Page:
Shares of Microsoft (NASDAQ:MSFT) took a dive after the company reported its quarterly earnings in late January. While revenue grew by 8% year-over-year, earnings per share slumped, continuing a trend that has now persisted for four straight quarters. So what is driving these earnings declines? And, more importantly, should Microsoft investors be worried?
A changing company
The worst-performing segments for Microsoft during its fiscal second quarter were its bread-and-butter licensing businesses. Revenue from the Devices and Consumer Licensing segment fell by a whopping 24% year-over-year, while Commercial Licensing fell 2% after posting robust growth in previous quarters.
These licensing segments also carry the highest gross margins, so any revenue declines are bad news for the bottom line. However, total gross margin actually grew during the quarter, thanks to the addition of the phone business and a vast improvement in the profitability of the cloud segments. The Commercial Other segment, which includes Azure and Office 365 for businesses, grew revenue by 46% year-over-year, while gross profit more than doubled.
These cloud businesses are still small relevant to the licensing segments, but it is clear that the dynamic is shifting at the software giant. One thing to note, though: If it were not for the phone business Microsoft acquired in 2014, both revenue and gross margin would have declined for the quarter.
Shrinking by the day?
Why is Microsoft having trouble growing revenue and profits? One reason is the end of Windows XP support, which helped drive sales of new PCs and upgrades for old ones, has fully run its course. Microsoft ended official support for Windows XP last April. In the lead-up to that date and afterwards, businesses scrambled to move to newer versions of the operating system, boosting the commercial licensing business. A subsequent decline from that level of demand should not be all that surprising.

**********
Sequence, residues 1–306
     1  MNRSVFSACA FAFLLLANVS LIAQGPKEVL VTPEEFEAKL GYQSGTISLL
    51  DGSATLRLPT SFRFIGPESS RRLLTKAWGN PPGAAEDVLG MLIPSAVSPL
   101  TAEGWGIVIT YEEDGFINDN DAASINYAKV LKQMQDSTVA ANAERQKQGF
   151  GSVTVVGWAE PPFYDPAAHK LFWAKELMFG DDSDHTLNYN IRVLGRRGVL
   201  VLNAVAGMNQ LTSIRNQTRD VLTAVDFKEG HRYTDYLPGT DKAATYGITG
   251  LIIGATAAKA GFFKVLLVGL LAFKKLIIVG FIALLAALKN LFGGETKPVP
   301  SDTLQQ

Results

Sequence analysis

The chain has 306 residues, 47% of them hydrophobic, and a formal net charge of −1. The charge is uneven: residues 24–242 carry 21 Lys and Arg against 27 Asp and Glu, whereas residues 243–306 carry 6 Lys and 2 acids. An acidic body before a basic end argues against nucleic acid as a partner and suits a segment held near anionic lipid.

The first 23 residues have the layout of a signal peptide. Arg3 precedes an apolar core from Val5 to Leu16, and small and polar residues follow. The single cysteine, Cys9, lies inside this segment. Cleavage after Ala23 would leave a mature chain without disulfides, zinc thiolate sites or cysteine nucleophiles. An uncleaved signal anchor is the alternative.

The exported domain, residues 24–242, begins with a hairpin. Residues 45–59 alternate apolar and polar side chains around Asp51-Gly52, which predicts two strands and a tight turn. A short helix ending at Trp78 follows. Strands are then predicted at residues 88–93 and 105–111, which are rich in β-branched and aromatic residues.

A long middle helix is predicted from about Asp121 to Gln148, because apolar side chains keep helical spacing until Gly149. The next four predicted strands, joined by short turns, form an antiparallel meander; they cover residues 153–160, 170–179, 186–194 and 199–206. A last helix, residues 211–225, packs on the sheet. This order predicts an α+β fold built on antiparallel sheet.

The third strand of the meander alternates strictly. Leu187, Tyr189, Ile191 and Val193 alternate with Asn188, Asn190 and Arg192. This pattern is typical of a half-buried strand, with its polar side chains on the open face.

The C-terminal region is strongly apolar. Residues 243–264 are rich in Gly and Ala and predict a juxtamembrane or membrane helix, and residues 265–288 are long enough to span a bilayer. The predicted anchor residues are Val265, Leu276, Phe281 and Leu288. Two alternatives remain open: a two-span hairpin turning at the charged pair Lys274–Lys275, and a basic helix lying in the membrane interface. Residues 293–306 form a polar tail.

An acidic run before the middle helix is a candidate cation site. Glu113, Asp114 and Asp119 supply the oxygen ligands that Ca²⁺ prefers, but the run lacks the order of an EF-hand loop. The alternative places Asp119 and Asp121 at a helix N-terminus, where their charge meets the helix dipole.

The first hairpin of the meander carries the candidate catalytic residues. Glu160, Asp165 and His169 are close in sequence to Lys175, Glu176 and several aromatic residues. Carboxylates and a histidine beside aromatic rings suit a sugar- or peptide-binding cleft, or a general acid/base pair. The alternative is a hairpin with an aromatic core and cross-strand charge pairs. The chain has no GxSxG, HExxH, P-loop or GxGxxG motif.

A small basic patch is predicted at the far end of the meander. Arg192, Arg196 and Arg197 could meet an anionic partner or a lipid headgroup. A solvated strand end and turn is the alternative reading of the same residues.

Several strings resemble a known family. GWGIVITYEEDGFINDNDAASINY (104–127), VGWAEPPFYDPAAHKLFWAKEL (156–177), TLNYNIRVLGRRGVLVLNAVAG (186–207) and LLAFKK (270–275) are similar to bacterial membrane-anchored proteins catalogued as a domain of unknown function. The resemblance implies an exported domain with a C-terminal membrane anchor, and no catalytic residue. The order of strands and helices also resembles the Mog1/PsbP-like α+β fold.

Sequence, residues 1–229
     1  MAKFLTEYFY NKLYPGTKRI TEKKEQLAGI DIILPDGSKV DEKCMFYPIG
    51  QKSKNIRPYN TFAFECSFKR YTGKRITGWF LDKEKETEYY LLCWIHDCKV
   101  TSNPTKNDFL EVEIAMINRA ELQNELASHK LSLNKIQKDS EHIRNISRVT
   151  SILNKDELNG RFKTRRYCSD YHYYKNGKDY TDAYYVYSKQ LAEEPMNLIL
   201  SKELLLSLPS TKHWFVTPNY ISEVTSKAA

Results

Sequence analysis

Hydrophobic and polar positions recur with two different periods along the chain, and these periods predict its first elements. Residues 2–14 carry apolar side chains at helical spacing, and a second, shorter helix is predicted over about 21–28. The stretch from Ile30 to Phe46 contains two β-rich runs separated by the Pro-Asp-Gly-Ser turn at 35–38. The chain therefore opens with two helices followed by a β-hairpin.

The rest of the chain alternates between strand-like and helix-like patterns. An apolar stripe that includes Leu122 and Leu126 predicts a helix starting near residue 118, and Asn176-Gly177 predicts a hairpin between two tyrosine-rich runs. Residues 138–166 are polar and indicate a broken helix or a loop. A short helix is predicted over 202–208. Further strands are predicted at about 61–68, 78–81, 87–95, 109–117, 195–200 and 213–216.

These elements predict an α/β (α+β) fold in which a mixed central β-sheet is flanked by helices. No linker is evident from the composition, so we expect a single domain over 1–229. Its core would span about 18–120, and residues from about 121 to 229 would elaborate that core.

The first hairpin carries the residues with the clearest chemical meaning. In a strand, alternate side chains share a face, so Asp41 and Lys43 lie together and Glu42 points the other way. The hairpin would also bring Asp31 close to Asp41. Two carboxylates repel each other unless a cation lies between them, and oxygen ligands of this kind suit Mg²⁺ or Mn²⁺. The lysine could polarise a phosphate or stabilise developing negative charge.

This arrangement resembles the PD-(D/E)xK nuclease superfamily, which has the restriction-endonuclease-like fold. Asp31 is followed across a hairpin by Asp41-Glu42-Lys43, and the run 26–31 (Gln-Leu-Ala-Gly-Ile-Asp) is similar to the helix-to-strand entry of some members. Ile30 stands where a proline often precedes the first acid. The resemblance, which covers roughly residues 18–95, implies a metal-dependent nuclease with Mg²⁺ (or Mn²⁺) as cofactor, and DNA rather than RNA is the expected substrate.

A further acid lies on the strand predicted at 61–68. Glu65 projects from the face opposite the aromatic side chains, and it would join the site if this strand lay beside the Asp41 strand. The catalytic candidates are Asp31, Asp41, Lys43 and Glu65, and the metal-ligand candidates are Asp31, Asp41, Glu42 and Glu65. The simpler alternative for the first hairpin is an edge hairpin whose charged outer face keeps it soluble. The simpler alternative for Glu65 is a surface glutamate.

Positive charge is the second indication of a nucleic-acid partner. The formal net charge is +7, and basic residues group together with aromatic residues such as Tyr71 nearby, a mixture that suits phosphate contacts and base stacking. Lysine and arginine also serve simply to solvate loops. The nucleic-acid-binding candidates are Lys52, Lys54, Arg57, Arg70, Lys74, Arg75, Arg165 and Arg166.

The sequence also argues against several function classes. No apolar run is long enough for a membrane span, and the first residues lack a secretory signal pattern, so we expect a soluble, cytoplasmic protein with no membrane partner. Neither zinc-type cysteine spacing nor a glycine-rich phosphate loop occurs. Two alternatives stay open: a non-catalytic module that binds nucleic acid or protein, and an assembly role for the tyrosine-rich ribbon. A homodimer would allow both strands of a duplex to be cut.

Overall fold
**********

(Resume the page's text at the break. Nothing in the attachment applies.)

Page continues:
Another reason is likely the upcoming launch of Windows 10. Consumers could be holding off on new PC purchases, waiting for the new OS to free them from Windows 8, which has had a public perception problem since it first launched. Microsoft recently announced free upgrades to Windows 10.
The shift from traditional Office to Office 365 is also a culprit. While Office sales weakened, subscription revenue from Office 365 soared, both in the consumer and commercial segments. In total, the commercial side of the business actually grew, with improvements in the cloud business, as well as server products, making up for weakness elsewhere.
Should investors be worried?
Nothing mentioned above spells doom for the company. The results appear worse than they really are simply due to the fact results from the prior period were especially strong.
There are two other issues that drove down earnings as well, and both reinforce this idea. Microsoft took a $243 million restructuring charge in the second quarter related to previously announced layoffs, reducing the EPS by $0.02. Microsoft also had a far higher tax rate during the quarter, 25% versus 17% in the same quarter last year. This was mostly due to a tax charge from an IRS audit adjustment, which further reduced EPS by $0.04.
These are both one-time items, and adjusting for them reduces the EPS decline from $0.07 to just $0.01 year-over-year. Operating income actually grew year-over-year, backing out the restructuring charges, and since the phone business is unlikely to be generating much, if any, operating profit, this is the number investors should be focusing on.
The market seems to have overreacted to the earnings report. The stock is now down just over 15% from its 52-week high in November, but nothing has really changed at the company. According to data from S&P Capital IQ, Microsoft now trades at a cash-adjusted P/E ratio of about 13 times, not a bad deal for a dominant brand like Microsoft.
Timothy Green has no position in any stocks mentioned. The Motley Fool has no position in any of the stocks mentioned. Try any of our Foolish newsletter services free for 30 days. We Fools may not all hold the same opinions, but we all believe that considering a diverse range of insights makes us better investors. The Motley Fool has a disclosure policy.